Residents of South Nyanza have a reason to smile following the decision by President Uhuru Kenyatta to award Tom Mboya University College a charter.
Tom Mboya University College in Homa Bay town will be the first public university in the region and has been tipped to transform the town's growth as the number of students increase.
The institution has been operating as a constituent college of Maseno University since it was started in October 2016. It has been offering degrees of Maseno University.
But upon being given the charter, the institution is now a fully-fledged university and the name has changed to Tom Mboya University. This means it will be offering its own degrees.
The charter was announced by the president while in Kakamega County, on Tuesday. The institution has been offering three main faculties with 27 academic programmes. The faculties are biological and physical sciences, business and economics, and education.
The university is also recruiting a vice-chancellor. Prof Charles Ochola, who has been heading the institution as the principal since the beginning, said they will introduce more courses.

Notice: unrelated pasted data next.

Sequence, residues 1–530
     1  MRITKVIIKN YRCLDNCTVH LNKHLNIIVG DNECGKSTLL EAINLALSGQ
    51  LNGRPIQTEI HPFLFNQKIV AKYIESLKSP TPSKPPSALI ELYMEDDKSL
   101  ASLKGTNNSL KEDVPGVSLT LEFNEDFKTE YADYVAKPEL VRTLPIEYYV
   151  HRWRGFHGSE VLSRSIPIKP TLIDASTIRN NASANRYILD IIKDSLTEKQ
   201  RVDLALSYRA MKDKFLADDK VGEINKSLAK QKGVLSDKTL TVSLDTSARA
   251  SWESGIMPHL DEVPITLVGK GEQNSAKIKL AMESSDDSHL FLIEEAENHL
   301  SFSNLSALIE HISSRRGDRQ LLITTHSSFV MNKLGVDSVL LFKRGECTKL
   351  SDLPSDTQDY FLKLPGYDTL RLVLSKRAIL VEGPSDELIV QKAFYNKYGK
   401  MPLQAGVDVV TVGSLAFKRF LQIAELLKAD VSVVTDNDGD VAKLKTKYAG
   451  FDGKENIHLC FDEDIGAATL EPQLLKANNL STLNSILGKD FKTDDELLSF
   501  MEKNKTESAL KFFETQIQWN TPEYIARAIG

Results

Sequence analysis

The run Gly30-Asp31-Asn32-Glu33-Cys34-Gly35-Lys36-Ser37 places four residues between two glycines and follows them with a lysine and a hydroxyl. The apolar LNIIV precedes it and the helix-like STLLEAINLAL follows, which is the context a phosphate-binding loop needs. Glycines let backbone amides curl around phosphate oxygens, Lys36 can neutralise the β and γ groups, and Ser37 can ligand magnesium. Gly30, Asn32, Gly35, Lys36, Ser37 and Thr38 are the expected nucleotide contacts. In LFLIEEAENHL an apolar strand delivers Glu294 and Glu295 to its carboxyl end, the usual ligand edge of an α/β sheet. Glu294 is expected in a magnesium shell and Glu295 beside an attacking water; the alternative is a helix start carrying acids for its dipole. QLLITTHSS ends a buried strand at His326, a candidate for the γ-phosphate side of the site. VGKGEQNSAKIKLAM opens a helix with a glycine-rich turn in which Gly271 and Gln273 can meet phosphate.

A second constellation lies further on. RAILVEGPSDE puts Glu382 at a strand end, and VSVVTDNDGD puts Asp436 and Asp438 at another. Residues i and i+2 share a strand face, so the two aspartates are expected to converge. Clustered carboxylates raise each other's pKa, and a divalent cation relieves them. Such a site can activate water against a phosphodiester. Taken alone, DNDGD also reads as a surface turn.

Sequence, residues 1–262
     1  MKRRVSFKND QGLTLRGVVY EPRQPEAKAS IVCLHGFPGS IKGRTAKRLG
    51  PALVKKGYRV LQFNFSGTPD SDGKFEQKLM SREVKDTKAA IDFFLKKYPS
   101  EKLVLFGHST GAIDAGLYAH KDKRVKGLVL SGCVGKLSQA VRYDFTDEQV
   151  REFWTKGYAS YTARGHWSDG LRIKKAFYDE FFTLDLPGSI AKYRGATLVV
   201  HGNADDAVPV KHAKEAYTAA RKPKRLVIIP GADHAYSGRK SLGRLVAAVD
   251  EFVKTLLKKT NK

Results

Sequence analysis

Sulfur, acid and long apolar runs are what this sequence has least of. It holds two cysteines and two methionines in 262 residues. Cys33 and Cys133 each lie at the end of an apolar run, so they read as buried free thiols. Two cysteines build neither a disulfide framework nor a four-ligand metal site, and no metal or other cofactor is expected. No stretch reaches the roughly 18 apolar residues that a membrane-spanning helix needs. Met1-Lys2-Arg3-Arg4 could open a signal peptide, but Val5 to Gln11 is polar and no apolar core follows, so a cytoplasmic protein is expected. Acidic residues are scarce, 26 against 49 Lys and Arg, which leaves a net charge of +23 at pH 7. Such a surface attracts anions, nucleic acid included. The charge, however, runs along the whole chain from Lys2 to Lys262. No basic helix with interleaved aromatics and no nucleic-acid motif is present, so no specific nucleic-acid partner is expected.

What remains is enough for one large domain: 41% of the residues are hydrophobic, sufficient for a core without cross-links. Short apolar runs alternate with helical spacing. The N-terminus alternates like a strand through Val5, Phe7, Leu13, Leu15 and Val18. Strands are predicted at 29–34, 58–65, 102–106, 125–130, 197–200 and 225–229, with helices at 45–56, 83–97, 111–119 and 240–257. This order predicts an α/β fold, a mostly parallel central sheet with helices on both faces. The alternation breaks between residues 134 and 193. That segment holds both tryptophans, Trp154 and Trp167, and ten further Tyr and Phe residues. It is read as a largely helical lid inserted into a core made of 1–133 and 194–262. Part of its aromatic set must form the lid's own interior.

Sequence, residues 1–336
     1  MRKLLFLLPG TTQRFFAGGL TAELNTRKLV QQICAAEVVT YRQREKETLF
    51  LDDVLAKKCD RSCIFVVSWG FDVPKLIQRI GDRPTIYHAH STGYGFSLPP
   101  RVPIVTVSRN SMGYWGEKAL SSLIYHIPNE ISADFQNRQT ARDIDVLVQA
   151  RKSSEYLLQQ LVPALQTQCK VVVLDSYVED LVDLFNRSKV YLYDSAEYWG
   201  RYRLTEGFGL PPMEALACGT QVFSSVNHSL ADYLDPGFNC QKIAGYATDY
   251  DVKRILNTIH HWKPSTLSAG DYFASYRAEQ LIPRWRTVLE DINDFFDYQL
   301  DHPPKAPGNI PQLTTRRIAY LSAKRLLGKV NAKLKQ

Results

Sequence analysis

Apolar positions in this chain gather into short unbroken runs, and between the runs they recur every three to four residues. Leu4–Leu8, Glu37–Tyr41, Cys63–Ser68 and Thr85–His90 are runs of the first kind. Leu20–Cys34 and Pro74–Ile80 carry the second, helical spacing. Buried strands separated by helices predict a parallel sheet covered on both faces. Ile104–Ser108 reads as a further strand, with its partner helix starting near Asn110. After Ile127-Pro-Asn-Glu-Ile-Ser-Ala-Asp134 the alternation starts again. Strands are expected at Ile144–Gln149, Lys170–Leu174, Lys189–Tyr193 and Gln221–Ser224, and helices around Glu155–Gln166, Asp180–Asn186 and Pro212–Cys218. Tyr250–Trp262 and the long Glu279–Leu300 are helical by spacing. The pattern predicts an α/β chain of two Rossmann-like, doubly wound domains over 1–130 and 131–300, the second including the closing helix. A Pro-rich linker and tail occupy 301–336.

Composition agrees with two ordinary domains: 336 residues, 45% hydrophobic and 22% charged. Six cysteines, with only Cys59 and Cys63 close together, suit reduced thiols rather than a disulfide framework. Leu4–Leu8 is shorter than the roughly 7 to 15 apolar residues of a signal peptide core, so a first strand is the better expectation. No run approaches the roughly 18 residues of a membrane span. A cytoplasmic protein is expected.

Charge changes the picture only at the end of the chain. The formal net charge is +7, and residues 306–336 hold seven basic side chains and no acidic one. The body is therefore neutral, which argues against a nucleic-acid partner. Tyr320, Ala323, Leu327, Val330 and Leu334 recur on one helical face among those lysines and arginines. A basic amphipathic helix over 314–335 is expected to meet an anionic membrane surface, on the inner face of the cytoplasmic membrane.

He said they want to introduce programmes which enhance proper utilisation of Lake Victoria as a key resource in Nyanza.
This will involve understanding the lake to enable the university innovate ways through which it can transform the livelihood of the local community. Such activities include aquaculture and conservation of the lake and its environment.
“A university is required to create its own niche. Our niche is the blue economy. We are in Homa Bay County which has the largest share of Lake Victoria. We will use our innovative skills and research to utilise the lake and make it more beneficial to the local community,” Prof Ochola said.
In its accreditation report, the university has been given green light to offer 39 academic programmes for undergraduate and postgraduate levels. The accreditation report is the document that contains academic programmes a university is allowed to offer.
The institution’s student population has grown to 5,000 from 140 when it started in 2016.
Prof Ochola said the university would fuel economic growth as businesses flourish with the increase of students.
“If every student spends the least amount they can spend, Sh100, on food daily, it means there is a minimum circulation of Sh500,000 in a day in this town. This is a source of livelihood for many people here,” he said.
Tom Mboya University was named after the former Labour Minister the late Tom Mboya who was a resident of Homa Bay. Ochola said they would aspire to achieve Tom Mboya's vision.
“Tom Mboya believed in airlift of students from Kenya to overseas countries. We want to engage in international and local partnerships and bring students from overseas to join this university,” he added.